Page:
I tried to search around this website for an answer and found many similar requests, but for some reason I cannot get any of them to work.

Anyway, I am trying to fit data to a solution of 3 ODE's. The data is something like this.

data = {{0, 0}, {1, 0}, {2, 0}, {3, 139}, {4, 261}, {5, 452}, {6, 623}, {7, 
806}, {8, 992}, {9, 1189}, etc etc }

The code I am using is the following. Just to note, these ODE's plot just fine when I use NDSolve and set k1,k2,k3 to particular values. So I am assuming there is something wrong which I am ignorant to. I am not super familiar with this. I tried to follow this to no avail.

Also, it just keeps working. I do not seem to get any errors but I even let it run overnight to no avail. (Sorry for using a jpg, I failed to get the code to look correct in the editor). The full data set is here, https://github.com/tpkdesigns/deleted.git if anyone needs it.

enter image description here

I appreciate anyone's time that is put into this.

Edit Per request here is the actual code. It copy and pastes strangely(greek letter and derivatives), that's why I didn't do it originally.

currentdir = "/Users/Physics/Desktop/";
\[Gamma] = 6;
data0det = Import["deleted.txt", "Table", HeaderLines -> 1];
data = data0det[[All, {1, 4}]];
ode = { Derivative[1][Nb][t] == 
    k1*Na[t] - \[Gamma] Nb[t] + k2*Na[t]*Nc[t]*Nc[t],
   Derivative[1][Na][t] == -k1* Na[t] + 1/2 \[Gamma] Nb[t],
   Derivative[1][Nc][t] == 1/2 \[Gamma] Nb[t] - k2*Na[t]*Nc[t]*Nc[t],
   Na[0] == k3, Nb[0] == 0, Nc[0] == 0 };
model = ParametricNDSolveValue[ode, Nb, {t, 0, 956}, {k1, k2, k3}]
fit = NonlinearModelFit[data, 
  model[k1, k2, k3][t], {{k1, 10}, {k2, 20}, {k3, 30}}, t]
plotfit = Plot[fit[t], {t, 0, 200}]
  • 2
    $\begingroup$ Please do not post images of your work, especially when the images display at a size that make them difficult to read. Please post your actual Mathematica code in the form of text that can be copied and pasted into a Mathematica notebook. Without such, it will be difficult to reproduce your problem and to experiment with possible solutions. $\endgroup$ – m_goldberg May 4 '18 at 13:29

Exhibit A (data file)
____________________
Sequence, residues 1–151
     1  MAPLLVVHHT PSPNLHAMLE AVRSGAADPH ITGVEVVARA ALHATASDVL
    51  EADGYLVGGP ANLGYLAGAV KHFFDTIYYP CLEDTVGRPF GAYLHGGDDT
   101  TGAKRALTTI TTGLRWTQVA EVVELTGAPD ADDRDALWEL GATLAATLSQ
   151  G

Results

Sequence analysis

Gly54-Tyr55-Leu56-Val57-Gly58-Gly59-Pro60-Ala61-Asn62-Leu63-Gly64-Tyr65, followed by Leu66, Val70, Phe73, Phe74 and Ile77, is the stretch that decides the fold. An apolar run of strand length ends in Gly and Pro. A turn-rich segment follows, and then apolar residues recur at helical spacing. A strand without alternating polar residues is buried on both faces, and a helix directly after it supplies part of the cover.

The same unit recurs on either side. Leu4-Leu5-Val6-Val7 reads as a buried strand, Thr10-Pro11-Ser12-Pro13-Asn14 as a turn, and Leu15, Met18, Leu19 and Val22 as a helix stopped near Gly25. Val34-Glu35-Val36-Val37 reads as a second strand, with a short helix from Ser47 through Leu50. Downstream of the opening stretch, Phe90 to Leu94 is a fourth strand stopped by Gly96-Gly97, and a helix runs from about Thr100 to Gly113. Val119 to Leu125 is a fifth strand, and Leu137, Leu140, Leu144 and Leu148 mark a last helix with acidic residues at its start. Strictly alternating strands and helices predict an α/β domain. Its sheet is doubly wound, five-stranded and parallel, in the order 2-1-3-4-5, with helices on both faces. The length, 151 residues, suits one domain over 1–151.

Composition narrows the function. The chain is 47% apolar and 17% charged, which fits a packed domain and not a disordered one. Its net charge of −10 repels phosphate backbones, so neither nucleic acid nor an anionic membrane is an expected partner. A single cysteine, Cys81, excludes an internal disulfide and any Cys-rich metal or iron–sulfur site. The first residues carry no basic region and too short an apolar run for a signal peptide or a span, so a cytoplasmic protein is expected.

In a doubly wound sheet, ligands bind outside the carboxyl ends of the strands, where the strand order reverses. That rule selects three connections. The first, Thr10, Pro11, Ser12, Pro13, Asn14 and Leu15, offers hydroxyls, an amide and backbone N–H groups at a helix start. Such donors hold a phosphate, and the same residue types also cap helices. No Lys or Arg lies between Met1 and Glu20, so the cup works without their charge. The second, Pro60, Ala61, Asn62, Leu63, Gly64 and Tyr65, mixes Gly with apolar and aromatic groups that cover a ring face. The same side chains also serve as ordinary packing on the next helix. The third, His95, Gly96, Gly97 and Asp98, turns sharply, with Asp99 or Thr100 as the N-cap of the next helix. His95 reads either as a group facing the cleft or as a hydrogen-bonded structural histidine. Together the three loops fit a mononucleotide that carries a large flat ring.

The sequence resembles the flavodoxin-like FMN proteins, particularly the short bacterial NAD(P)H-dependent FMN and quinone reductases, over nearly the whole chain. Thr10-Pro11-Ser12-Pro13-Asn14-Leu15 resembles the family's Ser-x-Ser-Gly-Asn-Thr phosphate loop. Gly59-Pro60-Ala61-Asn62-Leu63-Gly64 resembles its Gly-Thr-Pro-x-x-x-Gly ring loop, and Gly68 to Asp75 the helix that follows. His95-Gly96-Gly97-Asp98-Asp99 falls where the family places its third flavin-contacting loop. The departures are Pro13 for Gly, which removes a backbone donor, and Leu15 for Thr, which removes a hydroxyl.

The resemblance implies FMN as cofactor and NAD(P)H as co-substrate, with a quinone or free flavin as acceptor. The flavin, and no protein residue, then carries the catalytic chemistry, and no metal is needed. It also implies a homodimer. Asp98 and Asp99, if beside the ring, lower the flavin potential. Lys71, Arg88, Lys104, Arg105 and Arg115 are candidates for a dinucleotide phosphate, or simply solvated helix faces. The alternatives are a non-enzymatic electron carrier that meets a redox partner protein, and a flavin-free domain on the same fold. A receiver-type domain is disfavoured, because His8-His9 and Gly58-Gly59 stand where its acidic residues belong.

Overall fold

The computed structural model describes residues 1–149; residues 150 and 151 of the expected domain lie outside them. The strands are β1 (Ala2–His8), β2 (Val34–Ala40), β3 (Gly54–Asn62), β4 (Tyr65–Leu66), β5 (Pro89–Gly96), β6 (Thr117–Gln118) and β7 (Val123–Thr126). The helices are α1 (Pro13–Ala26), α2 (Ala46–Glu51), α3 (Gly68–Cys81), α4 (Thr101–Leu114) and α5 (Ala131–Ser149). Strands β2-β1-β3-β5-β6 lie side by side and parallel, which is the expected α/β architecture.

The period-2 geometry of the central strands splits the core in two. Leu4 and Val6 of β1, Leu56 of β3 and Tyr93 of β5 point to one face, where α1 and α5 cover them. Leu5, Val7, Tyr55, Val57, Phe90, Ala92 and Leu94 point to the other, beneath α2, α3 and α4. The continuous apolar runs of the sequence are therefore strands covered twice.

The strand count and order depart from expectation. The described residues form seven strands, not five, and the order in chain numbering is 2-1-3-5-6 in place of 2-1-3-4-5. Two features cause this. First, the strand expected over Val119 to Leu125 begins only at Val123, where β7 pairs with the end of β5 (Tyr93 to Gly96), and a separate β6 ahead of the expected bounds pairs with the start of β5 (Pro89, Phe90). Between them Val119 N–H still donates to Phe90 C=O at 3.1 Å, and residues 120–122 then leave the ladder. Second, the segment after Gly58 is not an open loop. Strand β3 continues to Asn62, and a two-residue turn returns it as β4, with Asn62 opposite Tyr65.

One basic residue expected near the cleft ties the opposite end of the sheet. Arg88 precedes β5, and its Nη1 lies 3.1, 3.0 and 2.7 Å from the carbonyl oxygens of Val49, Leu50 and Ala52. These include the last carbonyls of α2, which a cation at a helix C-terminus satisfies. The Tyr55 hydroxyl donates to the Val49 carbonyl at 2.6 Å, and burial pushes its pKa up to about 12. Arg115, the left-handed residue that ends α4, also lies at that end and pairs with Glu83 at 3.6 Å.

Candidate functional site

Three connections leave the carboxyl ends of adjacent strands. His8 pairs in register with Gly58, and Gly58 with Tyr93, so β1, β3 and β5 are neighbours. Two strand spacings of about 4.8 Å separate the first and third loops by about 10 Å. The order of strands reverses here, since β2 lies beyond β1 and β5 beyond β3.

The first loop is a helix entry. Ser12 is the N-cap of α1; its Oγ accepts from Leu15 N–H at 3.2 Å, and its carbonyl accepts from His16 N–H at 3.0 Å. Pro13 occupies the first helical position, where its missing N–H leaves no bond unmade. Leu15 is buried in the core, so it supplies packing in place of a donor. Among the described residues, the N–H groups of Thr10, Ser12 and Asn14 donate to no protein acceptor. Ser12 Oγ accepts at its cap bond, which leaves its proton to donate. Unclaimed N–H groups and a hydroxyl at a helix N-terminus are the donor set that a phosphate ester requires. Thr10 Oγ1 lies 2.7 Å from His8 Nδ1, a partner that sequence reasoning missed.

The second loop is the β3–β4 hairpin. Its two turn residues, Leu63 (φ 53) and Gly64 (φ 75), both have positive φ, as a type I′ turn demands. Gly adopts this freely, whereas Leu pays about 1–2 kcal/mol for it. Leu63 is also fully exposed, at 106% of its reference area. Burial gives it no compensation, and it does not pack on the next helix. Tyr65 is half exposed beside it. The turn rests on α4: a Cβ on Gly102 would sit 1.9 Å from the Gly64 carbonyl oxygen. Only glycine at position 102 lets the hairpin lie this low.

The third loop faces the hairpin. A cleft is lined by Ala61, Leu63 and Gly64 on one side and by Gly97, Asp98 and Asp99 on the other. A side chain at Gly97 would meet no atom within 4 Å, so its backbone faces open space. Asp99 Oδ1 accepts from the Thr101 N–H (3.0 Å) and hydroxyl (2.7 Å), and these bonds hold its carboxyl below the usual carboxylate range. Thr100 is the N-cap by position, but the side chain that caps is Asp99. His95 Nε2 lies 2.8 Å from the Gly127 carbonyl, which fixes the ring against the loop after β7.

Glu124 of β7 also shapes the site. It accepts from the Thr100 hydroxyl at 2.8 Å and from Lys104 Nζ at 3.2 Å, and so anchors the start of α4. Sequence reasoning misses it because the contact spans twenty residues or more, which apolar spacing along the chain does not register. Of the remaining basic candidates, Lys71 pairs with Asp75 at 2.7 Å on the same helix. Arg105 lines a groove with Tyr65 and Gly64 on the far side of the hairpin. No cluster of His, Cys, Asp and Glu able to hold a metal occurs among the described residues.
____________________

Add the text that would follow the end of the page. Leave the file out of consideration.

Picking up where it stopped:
• $\begingroup$ @m_goldberg Code posted sir. $\endgroup$ – B.Jones May 4 '18 at 13:41
  • 2
    $\begingroup$ Should $k_1,k_2,k_3$ be positive? or are these parameters allowed to be negative? $\endgroup$ – AccidentalFourierTransform May 4 '18 at 14:36
  • 1
    $\begingroup$ @AccidentalFourierTransform they should be positive. k1 is a pump rate, k2 is a depump rate, and k3 is just some positive number. $\endgroup$ – B.Jones May 4 '18 at 14:39
  • 1
    $\begingroup$ @B.Jones Your starting parameters do not represent the shape of your data at all. Your data contains a peak, whereas your model with those values of $k_i$ just rises to a plateau. Can you find better starting points? The scale of the model's response vs. the data also seems way off, but a few orders of magnitude. $\endgroup$ – MarcoB May 4 '18 at 15:50

With $\gamma=6$ it seems impossible to fit your data accurately. So I'm going to include this parameter as one of the free variables. Also, it seems that the best fit requires $k_2=0$, so I'm going to set this parameter to zero from the beginning to accelerate the convergence. With this,

model[γ_?NumericQ, k1_?NumericQ, k2_?NumericQ, k3_?NumericQ] :=
model[γ, k1, k2, k3] = NDSolveValue[{nb'[t] == 
  k1*na[t] - γ nb[t] + k2*na[t]*nc[t]*nc[t], 
  na'[t] == -k1*na[t] + 1/2 γ nb[t], 
  nc'[t] == 1/2 γ nb[t] - k2*na[t]*nc[t]*nc[t], na[0] == k3,
  nb[0] == 0, nc[0] == 0}, {na, nb, nc}, {t, 0, 956}][[2]]

NonlinearModelFit[data, model[γ, k1, 0, k3][t], {{γ, .0399887}, {k1, .0560411}, {k3, 4000.5}}, t]

Show[Plot[%[t], {t, 0, 950}, PlotStyle -> Red, PlotRange -> All], ListPlot[data]]

enter image description here

The fit is not perfect, but I'm not sure whether it's because of a poorly chosen starting point, or because the model itself is not a good representation of the system. I leave to you to explore this.

  • $\begingroup$ FWIW: the data seems to follow a sort of generalised Cauchy distribution, $\frac{a}{b+x^{2/5}}$, or an inverse gamma distribution, $x^{-a}\exp(-b/x)$ (with suitable $a,b$, and shifting, if necessary, the mean $x\to x-\mu$). $\endgroup$ – AccidentalFourierTransform May 4 '18 at 22:53
  • $\begingroup$ I really appreciate you for looking into this. Yes it does seem to work now pretty well but you are right that the model may not represent the physics of the system. That conclusion is fine with me and I will have to explore the details further. $\endgroup$ – B.Jones May 8 '18 at 13:14
  • $\begingroup$ @B.Jones I'm glad I could help :-) If you need any more help, feel free to ask. Cheers! $\endgroup$ – AccidentalFourierTransform May 8 '18 at 13:19

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